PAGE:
In May I put in a bona fide flower garden. I have never done that. I've gardened small plots, and long ago. But since moving here and adding six more children to our family, the only garden was the proverbial cabbage patch. I'm really loving my garden. My friend Alex visited earlier in the year. She designs luxurious gardens in England. I was brave enough to send photos of my garden to her. She was sweet about it. 

       It really is a work in progress. I saw that early and  intensive watering and weeding and fertilizing were critical to the establishment of beautiful blooms and healthy growth. Next year will be fun, to see what the perennials come back like, and which annuals I'll plant. I loved a orange-red impatiens planted next to white. My hostas did well, as did my hydrangeas and coleus. The celosia did a little too well, and I'll be transplanting them. I even put in a garden over a septic tank, and spread about a ton of rock in front of the house around a dozen boxwoods that I put in. 

       Since then, school has started up in full swing and I'm doing the Mom-grad-student-part-time-jobs-six-in-school crazy shuffle. My friend is a psychotherapist and I'm lucky to have her in my life. She is a visionary. She has started conferences and boards and community-supported-agriculture groups, and more. She always has ideas and drive for the future. She personally studied under Ira Progoff, a journaling expert back in the '70s and became his first female leader of conferences. She coached a few of us recently on this type of method and I've been really enjoying it. I won't go into it here, but it really helps one to get in t ouch with oneself, and work out feelings and events. My amazing friend just turned 81-years-young. She inspires me.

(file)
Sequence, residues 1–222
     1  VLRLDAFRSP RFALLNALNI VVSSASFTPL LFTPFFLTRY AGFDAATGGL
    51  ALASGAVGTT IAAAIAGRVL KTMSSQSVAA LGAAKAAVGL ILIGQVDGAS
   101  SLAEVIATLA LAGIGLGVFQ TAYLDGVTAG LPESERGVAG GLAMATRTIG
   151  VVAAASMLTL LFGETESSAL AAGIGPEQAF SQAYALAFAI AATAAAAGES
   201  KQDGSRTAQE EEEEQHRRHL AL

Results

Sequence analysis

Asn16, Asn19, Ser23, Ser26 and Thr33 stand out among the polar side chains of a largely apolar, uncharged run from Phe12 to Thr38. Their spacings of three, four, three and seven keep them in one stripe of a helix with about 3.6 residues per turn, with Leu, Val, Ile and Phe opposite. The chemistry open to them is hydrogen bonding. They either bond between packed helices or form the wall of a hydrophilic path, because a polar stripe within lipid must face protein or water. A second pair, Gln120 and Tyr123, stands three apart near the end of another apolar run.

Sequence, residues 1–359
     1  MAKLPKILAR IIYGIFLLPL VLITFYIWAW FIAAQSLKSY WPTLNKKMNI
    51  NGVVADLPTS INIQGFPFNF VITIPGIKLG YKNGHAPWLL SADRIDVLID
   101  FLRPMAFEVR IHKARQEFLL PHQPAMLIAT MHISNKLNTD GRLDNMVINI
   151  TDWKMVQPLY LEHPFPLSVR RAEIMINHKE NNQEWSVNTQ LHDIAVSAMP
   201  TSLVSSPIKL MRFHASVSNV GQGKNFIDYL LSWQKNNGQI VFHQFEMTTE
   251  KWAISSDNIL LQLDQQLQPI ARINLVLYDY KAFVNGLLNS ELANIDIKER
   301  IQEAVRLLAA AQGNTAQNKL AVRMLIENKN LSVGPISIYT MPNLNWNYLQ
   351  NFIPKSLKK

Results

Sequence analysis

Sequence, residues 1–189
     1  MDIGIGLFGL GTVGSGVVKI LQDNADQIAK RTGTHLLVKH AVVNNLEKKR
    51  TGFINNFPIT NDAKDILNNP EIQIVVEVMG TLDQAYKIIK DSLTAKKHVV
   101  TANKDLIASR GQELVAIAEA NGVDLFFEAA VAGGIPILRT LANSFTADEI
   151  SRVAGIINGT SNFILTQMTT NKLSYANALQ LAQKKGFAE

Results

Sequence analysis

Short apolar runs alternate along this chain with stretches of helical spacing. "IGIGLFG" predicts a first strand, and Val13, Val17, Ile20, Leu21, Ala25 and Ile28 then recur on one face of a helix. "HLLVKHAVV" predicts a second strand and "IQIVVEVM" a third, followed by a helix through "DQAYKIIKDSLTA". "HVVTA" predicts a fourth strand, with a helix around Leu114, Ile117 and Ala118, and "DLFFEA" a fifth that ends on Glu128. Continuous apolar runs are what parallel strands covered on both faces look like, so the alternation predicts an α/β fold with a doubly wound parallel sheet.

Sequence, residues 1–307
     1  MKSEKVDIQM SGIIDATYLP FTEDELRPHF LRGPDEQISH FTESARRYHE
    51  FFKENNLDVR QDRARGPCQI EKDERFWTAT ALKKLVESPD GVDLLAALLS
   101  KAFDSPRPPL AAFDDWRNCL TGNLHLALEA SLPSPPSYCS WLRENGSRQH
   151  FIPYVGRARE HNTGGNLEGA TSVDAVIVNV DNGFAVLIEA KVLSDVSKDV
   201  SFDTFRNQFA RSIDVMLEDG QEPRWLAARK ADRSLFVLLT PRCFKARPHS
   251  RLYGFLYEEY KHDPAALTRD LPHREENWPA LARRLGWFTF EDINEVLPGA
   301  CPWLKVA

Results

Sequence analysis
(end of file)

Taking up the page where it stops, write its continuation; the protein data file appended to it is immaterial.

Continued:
"Renata" will continue to be worked on offline. Perhaps one day you'll see it on Amazon. We'll see. Kids and gardens take a lot of time these days! 

Monday, April 4, 2016

Spring Once Again

       I suppose I can remember the onset of forty-some Spring seasons. I marvel at how happy I am that it has come again, though--as if there were some chance it would not. This winter was not terribly cold, or snowy, but I was ready for it to end and to be warm again.

       Walks around the farm are so beautiful. Tiny frogs are jumping around the banks of the pond. Trees are flowering and leaves are appearing in that early chartreuse color that is such a contrast to grey and brown. Robins and Downy Woodpeckers and Bluebirds have returned. A great heron has been feeding at water's edge, and migratory flocks of geese are passing overhead.

       With the change of seasons comes a reminder of new life and rebirth. I can't imagine living in a place without four seasons, but that is only because it's all I've ever known. Our foreign exchange students have told me what it is like for them. Certainly Stephania, who came at the start of winter here, is happy to be able to go outside without a heavy coat.